Edward Hopper was born in Nyack, New York. His father owned a dry goods store and he worked there when he was growing up.
He wanted to be an artist from the time he was young. His parents, fearing he could not make a decent living with his painting, encouraged him to become a commercial artist.
He studied at the New York School of Art for seven years. Then he worked as a commercial artist for many years until he was nearly forty years old.
He had an art studio in New York. He lived and painted in the same studio for 50 years.
In 1924 he married Josephine Nivison. She, also an artist, was forty years old. He was forty-two. He bought another studio in the same building for her to have a place to work. Theirs was a stormy marriage. She felt that he did not support her as an artist, and he thought she paid too much attention to her cat and not enough attention to him. But they relied on each other.
In 1927 he and Jo bought a two-year-old Dodge car. It was just one more thing to fight about. He was not a good driver, but he didn't want her to learn how to drive. When she finally did get a driver's license, he didn't want her to drive the car. They were not the most compatible couple.
Hopper made three trips to Paris in his lifetime and made trips in the United States to Colorado and New Mexico. His art reflects mainly his life in America.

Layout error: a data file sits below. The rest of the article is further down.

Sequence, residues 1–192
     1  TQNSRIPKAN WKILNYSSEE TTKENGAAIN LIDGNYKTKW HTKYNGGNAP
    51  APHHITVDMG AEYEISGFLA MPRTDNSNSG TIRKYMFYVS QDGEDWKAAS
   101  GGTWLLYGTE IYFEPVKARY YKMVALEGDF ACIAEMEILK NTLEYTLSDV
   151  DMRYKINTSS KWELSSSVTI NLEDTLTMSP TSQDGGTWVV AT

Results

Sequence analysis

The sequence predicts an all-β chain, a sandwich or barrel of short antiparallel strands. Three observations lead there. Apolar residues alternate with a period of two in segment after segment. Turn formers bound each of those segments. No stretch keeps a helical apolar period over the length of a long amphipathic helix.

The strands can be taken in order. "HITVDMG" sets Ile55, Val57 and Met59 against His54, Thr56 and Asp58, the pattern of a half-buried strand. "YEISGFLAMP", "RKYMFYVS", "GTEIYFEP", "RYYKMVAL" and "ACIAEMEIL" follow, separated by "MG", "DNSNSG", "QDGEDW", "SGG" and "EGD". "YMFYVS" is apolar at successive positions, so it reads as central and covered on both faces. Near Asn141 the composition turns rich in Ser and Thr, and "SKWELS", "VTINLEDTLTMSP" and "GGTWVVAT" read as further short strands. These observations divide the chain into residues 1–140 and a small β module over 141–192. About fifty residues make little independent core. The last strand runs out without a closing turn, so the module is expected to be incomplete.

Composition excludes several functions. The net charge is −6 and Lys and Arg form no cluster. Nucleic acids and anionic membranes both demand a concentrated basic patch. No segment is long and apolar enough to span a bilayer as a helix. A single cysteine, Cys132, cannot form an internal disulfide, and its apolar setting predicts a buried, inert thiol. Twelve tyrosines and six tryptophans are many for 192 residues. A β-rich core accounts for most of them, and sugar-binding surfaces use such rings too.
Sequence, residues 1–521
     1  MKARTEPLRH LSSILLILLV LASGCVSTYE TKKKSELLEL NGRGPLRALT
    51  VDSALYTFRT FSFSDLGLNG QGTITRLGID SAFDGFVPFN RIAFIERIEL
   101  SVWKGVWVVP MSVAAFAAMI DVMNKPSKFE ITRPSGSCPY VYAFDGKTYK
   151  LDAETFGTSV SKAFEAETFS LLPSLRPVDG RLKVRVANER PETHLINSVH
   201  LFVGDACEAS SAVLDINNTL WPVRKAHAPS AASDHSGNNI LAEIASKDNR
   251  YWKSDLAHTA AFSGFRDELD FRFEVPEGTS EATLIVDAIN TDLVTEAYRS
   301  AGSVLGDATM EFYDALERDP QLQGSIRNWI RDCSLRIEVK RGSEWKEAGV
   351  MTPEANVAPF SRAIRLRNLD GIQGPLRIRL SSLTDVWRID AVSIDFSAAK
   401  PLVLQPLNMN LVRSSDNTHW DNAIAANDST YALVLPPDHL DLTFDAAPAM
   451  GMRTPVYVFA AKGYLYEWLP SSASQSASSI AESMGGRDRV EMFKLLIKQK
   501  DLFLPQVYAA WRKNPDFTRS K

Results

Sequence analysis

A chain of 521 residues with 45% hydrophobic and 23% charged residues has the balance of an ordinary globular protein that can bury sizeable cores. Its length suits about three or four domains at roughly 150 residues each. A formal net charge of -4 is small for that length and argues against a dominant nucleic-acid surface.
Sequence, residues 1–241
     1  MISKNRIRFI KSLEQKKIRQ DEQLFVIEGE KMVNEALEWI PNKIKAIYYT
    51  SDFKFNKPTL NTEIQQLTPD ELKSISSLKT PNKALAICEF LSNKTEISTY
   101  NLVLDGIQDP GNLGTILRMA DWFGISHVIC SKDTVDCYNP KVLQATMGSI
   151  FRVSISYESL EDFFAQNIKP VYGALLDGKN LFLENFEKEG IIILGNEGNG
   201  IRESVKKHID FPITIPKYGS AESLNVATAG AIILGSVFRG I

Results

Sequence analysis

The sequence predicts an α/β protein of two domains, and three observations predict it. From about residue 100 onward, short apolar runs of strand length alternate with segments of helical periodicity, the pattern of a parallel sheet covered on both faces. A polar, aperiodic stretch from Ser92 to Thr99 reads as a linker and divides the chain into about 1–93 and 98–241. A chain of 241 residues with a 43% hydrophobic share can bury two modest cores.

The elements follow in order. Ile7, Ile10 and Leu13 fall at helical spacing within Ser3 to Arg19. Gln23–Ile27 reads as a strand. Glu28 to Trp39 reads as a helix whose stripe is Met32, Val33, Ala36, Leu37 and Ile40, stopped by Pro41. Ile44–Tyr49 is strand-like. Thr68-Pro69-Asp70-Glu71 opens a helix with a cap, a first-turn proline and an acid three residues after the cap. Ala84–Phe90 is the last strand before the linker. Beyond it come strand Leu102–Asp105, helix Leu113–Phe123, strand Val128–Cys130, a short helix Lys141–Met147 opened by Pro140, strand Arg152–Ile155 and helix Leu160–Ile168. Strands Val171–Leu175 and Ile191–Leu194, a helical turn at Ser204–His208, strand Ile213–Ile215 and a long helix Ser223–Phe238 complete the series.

Sometimes he would ride the elevated railway and peer down into the houses and offices they were passing. One such trip inspired Office at Night. (Take a closer look at the interactive graphic on that page to learn more about the painting.) He painted scenes of ordinary things you would see in the city and the country; bus stations, office buildings, restaurants, lighthouses etc.
He used Jo his wife as his model in several of his paintings. People in his paintings appear lonely and absorbed in their own thoughts. Usually they are overshadowed by their surroundings as in Nighthawks, which was painted in 1942. It was bought by the Art Institute of Chicago and because of it, he at last became a recognized artist. In the following years he received many awards and medals for his work..
He and Jo had a vacation home in Cape Cod which also had a studio. Many of his paintings were done in this area including
Corn Hill (Truro, Cape Cod)
Other works of Edward Hopper include Early Sunday Morning, Drugstore, and House by the Railroad
"Smash The Hun", shown below, was the title of the poster which appeared on the front cover of the February 1919 edition of The Dry Dock Dial, a publication for the New York's Morse Dry Dock and Repair Company. Hopper worked for them as an illustrator and won acclaim for this illustration. The self-portrait shown here was painted in 1903 when he was 21 years old.
He died in 1967 at the age of 85. He wanted his works to go to the Whitney Museum of American Art. There were more than 3000 paintings, drawings, watercolors, and prints. Jo honored his wishes and also sent her works along with his, as well as the diaries she had meticulously kept for years documenting his life and work. Jo died just ten months later. They were married 43 years.
One of his lighthouse paintings was used on a postage stamp in 1970 to commemorate the 150th anniversary of Maine's statehood. You will enjoy reading the history of The Two Lights of Cape Elizabeth.
This biography was written by Patsy Stevens, a retired teacher.
Levin, Gail, Edward Hopper, An Intimate Biography, Berkley: University of California Press, 1998.
Kostner, Thomas, and Lars Roper. 50 Artists You Should Know. New York:
Gerlings, Charlotte. 100 Great Artists, New York: Gramercy Books, 2006.